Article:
The Philippines has always been a great business location for foreign investors, with its strategic position in Southeast Asia, abundance of natural resources, and highly skilled workforce. But without a clear understanding of the laws and processes involved in setting up a foreign-owned business, you could end up with more costs than returns on your investment. Here are the mistakes you need to avoid as a foreign investor in the Philippines:
First, you must clarify what field of industry or type of business operations you are planning to invest in. This will help you not only in processing your business registration requirements more efficiently but also in navigating the restrictions or incentives in your chosen industry. The Eleventh Regular Foreign Investment Negative List opened up more opportunities for foreign participation in key investment areas and activities, allowing 100% foreign ownership for export businesses, such as those in the retail trade, IT or BPO services, and financing and investing. Industries such as manufacturing, construction, private land ownership, exploration of natural resources, and informal education and training centers now allow up to 40% foreign equity. However, some activities and enterprises are completely off-limits for foreign investors, such as:
Foreign companies can also take advantage of fiscal and non-fiscal incentives if they are registered with the Board of Investments (BOI) and the Philippine Economic Zone Authority (PEZA), ranging from tax exemptions and cost deductions to special protection and benefits. Knowing which incentives your company is eligible for can help increase the returns on your investment. According to the Omnibus Investments Code of 1987 and the Special Economic Zone Act of 1995, these incentives can include:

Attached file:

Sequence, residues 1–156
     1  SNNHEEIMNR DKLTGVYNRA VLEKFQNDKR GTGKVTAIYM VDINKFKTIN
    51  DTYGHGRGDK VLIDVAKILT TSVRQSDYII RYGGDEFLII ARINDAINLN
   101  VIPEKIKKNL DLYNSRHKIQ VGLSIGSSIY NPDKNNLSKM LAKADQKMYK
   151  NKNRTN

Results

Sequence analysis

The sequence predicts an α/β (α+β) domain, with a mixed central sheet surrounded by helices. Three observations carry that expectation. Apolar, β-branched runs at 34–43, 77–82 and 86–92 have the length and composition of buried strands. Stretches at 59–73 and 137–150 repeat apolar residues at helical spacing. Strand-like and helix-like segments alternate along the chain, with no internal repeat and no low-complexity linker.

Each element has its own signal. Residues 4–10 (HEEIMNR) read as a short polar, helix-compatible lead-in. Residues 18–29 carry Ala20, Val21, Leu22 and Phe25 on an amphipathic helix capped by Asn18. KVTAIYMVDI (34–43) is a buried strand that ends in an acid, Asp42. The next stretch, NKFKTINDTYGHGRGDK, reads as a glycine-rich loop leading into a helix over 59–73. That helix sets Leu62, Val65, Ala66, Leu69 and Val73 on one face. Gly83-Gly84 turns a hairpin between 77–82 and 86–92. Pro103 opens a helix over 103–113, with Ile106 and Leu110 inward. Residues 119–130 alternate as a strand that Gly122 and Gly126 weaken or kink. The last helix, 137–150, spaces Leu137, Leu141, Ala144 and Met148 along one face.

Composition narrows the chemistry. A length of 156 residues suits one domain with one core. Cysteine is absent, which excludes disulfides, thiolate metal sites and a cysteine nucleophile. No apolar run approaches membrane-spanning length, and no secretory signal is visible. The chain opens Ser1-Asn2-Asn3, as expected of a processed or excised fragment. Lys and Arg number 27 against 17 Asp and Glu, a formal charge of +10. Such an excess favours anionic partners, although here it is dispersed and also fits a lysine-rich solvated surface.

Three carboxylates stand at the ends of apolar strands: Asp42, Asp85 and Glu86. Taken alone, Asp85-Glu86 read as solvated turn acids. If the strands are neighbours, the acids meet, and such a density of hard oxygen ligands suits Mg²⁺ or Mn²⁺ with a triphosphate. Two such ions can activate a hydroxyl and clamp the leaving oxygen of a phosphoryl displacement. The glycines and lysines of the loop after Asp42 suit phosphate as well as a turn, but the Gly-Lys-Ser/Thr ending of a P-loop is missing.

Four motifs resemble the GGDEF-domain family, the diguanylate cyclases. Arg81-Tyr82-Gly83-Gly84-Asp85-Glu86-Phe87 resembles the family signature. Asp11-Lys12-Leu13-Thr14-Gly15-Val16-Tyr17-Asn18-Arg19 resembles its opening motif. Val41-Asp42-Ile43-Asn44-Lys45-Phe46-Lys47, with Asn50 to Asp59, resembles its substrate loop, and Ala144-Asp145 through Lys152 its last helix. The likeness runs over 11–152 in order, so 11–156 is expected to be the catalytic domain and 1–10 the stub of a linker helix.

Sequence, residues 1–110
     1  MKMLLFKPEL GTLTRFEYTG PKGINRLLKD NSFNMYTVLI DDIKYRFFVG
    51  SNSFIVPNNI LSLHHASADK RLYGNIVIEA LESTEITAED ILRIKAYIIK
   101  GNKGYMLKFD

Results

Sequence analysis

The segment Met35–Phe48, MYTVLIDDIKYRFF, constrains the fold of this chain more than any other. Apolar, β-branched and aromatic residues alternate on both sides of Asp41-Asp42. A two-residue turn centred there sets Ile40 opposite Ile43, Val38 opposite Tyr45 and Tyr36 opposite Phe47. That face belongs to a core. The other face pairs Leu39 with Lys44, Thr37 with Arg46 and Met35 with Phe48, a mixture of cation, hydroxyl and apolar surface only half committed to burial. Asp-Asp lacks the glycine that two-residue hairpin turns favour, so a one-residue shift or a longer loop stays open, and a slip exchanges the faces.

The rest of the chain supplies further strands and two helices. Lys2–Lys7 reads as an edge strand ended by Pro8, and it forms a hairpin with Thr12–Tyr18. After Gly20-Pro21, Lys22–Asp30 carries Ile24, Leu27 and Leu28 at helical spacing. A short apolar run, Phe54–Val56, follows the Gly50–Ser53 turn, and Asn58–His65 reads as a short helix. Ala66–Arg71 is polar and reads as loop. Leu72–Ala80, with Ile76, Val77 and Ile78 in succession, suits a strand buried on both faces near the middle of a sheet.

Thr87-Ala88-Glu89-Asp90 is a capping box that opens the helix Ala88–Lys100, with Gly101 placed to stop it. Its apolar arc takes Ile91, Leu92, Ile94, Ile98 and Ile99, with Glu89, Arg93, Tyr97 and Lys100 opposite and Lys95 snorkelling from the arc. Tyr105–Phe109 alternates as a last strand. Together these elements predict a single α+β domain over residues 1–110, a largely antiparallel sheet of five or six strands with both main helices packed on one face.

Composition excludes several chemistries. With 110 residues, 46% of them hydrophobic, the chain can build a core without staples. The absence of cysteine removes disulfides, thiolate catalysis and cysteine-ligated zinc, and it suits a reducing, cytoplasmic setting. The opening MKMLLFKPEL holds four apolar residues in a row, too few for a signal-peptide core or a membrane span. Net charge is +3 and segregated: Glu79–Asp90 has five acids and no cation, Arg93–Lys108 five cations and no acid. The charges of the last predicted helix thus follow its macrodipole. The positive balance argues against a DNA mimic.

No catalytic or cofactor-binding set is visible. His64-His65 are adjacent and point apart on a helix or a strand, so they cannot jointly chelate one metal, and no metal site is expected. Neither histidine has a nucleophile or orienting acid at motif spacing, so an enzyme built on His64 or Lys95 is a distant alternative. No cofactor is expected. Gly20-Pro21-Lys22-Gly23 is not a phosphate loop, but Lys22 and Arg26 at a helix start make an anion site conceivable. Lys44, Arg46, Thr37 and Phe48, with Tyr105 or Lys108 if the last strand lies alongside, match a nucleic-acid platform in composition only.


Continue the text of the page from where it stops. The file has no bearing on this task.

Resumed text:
There are many requirements and legal procedures involved in setting up a business in the Philippines. To secure your investment, your company needs to undergo several registration processes at various government agencies, where you need to acquire the following:
Some of these processes can be complicated, so work with business professionals and experts in Philippine corporate law to ensure a smooth registration process.
Nominee agreements are documents in which one person agrees to act on behalf of another person in legal matters. While this might seem like a more convenient and cost-effective route to establishing your business, it is also extremely risky if not properly structured or handled by a reputable business consultancy. Vague nominee agreements can lead to hefty costs, investment scams, and even undesirable legal situations, especially if it categorizes as an act of evasion under the Philippine Anti-Dummy Law.
In line with the Investment Incentives Act, foreign investors are entitled to the basic rights and guarantees provided in the Philippine Constitution, as well as the rights to: